New Delhi: Indian-origin British MP Lisa Nandy has become the fourth candidate to throw her hat to become the next leader of the Labour Party, after Jeremy Corbyn quit the post following the Labour’s crushing defeat at the hands of Prime Minister Boris Johnson’s Conservative Party in the general election held last month. Also Read - UK PM Boris Johnson Calls PM Modi; Discusses India-UK Trade, Climate Change

Other candidates to have officially launched their bid to succeed Corbyn are Clive Lewis, Jess Phillips and Emily Thornberry. In the general election, the Conservatives won a resounding mandate with 365 seats in the 65-seat British House of Commons, while the Labour recorded its worst result for nearly a century, winning just 202 seats. Also Read - US Dollar Declines Against British Pound as Boris Johnson Wins UK Polls

Writing in The Guardian as well as the Wigan Post, the Manchester-born 40-year-old Nandy urged her party members to ‘change course’ to avoid becoming ‘irrelevant’ in the wake of the party’s heavy defeat. The MP from Wigan further vowed to bring back to Labour, voters who had deserted it in its traditional strongholds. The former shadow Energy Secretary further labelled the drubbing at the hands of the Conservatives as ‘long time coming. Also Read - UK General Election 2019: Boris Johnson Returns as PM, His Conservative Party Wins 365 Seats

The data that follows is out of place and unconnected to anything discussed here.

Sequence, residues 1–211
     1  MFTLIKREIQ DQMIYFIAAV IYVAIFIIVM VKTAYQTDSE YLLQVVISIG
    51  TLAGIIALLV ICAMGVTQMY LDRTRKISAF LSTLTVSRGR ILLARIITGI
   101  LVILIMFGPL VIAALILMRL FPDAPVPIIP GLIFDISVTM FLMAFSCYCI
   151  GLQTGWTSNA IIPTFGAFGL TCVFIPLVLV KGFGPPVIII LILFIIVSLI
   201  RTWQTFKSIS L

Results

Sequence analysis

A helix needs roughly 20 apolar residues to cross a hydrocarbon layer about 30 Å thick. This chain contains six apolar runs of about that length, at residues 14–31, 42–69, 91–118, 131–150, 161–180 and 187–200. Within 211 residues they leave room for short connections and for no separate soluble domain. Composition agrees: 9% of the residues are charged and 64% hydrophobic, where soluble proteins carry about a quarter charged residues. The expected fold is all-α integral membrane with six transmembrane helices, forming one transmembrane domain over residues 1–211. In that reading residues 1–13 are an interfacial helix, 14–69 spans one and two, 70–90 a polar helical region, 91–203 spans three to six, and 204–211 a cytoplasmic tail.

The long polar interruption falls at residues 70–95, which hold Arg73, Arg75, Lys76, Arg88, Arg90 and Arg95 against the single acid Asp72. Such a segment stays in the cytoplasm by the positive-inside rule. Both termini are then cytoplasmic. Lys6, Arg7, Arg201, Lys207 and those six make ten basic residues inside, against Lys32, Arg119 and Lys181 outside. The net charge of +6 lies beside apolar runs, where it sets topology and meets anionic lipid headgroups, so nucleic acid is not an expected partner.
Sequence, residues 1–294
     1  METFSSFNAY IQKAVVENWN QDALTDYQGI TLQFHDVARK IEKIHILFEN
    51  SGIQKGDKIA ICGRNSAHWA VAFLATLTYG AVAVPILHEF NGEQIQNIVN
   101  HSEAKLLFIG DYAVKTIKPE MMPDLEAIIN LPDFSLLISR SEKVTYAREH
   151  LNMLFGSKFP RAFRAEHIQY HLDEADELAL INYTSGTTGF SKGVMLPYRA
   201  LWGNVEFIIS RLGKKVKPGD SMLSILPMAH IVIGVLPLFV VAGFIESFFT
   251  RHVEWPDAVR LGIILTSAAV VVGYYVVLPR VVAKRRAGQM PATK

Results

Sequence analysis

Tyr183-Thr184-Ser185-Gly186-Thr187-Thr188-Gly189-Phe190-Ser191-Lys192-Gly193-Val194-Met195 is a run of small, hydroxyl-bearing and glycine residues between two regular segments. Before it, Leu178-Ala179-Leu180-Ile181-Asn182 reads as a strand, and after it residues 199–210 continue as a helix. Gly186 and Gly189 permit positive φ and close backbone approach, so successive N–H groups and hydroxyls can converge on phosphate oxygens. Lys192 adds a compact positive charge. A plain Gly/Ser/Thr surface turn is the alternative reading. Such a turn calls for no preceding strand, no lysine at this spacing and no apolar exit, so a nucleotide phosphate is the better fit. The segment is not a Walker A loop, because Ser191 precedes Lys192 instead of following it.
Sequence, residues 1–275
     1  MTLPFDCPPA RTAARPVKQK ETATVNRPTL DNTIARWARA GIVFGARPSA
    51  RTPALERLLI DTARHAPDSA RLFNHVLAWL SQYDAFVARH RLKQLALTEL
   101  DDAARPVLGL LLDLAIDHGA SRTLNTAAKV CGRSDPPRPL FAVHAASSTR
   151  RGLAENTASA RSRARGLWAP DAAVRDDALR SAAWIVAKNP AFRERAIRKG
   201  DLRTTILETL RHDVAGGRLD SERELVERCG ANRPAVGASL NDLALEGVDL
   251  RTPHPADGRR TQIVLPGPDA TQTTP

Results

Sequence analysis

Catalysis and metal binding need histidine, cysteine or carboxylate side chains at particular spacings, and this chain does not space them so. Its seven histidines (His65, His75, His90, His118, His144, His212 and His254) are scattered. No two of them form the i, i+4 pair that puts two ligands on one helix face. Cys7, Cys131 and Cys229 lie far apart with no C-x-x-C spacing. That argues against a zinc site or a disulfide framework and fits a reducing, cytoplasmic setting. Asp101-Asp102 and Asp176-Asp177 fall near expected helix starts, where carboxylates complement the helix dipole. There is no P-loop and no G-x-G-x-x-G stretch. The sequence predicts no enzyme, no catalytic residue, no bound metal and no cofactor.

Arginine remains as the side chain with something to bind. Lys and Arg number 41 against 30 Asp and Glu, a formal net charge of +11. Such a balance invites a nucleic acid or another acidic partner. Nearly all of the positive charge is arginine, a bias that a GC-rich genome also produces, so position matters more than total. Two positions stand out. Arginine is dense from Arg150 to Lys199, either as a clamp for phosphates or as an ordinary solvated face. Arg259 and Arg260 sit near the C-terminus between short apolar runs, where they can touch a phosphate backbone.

Presenting her case, she added that the next leader of Labour should be from those areas which feel ‘neglected’ and are hence turning away from the party. “It’s been 14 years since we last won power and I want you to understand that we have one chance to win back the trust of people of Wigan, Workington and Wrexham. Without what we were once our labour heartlands we will never win power in Westminster and help to build the country we know we can be,” she wrote.

Arguing that the next Labour leader should be up for a ‘scrap,’ Nandy said that she was ‘determined to defeat Boris Johnson and lead the compassionate, radical, dynamic government I firmly believe you want and deserve.’

Labour’s ruling National Executive Committee (NEC) will on Monday meet to set a timetable for the leadership campaign, which, it is said, will be completed only by the end of March.